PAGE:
BALTIMORE, MARCH 18, 2021 – A prominent scientist speaking recently at the Academy Health program of the Johns Hopkins University Bloomberg School of Public Health has called for more COVID-19 vaccines for low-to-middle income countries and proposed to the International Monetary Funds and other international financial institutions to cancel debt owed by developing countries during the COVID 19 pandemic. These proposals were contained in a slew of recommendations made by Dr. Dougbeh Chris Nyan, an infectious disease expert who spoke on global access to COVID-19 vaccines equity and “the global health and economic implications of the COVID-19 pandemic.”
In his virtual presentation which was attended by students and faculty of the JHU public health school as well as the public, Dr. Nyan noted that, “Africa has a total debt of more than 417 billion dollars — about 35-36% of which is owed to the IMF, the World Bank, the Paris Club and other international financial institutions.”
Quoting from IMF and World Bank data, Dr. Nyan, pointed out the decline in Gross Domestic Product (GDP) of emerging markets and developing countries, while their debt burden continues to increase.
He added that African countries will not be able to pay such debt given their “crippling economy under the weight of the COVID-19 Pandemic.” This debt relief should therefore enable these countries to recuperate when the COVID-19 Pandemic is over, he added.
Dr. Nyan also suggested that “a demand for fiscal discipline, and monetary transparency and accountability from governments of poorer countries be employed as conditions for said debt relief since corruption and mismanagement of financial resources has plagued most African countries for years.”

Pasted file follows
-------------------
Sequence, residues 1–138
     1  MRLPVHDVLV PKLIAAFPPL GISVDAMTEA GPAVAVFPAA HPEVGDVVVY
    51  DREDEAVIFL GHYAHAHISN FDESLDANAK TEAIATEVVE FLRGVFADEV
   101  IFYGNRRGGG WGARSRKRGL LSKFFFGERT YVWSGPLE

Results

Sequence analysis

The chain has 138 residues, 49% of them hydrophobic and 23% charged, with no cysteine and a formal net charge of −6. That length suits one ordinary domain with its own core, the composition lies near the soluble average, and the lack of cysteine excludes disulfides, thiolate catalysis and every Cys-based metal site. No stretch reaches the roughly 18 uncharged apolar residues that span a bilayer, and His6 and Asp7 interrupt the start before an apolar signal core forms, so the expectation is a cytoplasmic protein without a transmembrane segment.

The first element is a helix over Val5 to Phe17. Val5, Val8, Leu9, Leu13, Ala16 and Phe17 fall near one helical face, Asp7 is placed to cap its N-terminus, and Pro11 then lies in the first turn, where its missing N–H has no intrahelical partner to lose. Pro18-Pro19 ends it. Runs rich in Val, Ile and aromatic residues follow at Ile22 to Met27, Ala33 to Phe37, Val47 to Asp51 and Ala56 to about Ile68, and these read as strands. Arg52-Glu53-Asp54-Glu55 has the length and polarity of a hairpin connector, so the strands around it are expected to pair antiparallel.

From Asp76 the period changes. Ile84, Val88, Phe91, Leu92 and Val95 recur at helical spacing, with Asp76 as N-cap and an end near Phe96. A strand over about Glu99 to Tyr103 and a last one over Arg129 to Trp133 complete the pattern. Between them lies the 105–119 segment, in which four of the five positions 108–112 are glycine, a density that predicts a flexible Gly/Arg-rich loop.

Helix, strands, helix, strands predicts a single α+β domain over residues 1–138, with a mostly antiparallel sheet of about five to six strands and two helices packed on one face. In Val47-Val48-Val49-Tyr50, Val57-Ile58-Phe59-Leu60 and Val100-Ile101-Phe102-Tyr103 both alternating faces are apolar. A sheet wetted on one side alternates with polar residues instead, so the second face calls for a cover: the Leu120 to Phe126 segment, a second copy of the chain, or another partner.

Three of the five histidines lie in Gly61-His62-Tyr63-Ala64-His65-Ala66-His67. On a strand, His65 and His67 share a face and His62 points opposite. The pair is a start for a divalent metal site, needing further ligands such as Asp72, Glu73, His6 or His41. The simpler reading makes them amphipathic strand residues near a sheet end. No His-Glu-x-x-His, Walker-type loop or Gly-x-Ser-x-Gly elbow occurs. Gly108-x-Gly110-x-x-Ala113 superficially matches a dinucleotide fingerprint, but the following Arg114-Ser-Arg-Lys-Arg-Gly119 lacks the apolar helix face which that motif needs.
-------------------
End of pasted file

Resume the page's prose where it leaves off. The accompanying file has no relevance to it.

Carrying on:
In 2014 during the Ebola outbreak, economies of the West African States of Guinea, Liberia, and Sierra Leone suffered a heavy blow from an epidemic which lasted for about 2 years and resulted to over 11,000 deaths with a steep decline in the GDPs. Ebola-affected countries are still felling the negative impact of past epidemic.
Addressing the issue of equitable distribution of COVID-19 vaccines, Dr. Nyan noted that, “rich countries are amassing lots of COVID-19 vaccines, while poorer nations are struggling to obtain vaccines and are left to the mercy of GAVI, the vaccine alliance, which has now secured more than 20 million doses for low-to-middle income countries in its membership.”
He added that there is “a need to bridge this widening gap and disparity in the COVID-19 vaccine distribution globally, and address the lack of access among certain ethnic minorities.”
The NIH-trained Liberian infectious disease scientist, Dr. Nyan, stated that, “scientific data show that COVID-19 vaccines authorized for emergency use in the United States and Europe are safe and effective and that vaccines safe lives.” He encouraged citizens to “get vaccinated against COVID-19, continue wearing mask, practicing hands-washing, avoid large gatherings, and keeping the social-physical distances so that we can beat the COVID-19 Pandemic.”
Main Photo: Dr. Dougbeh Chris Nyan, M.D.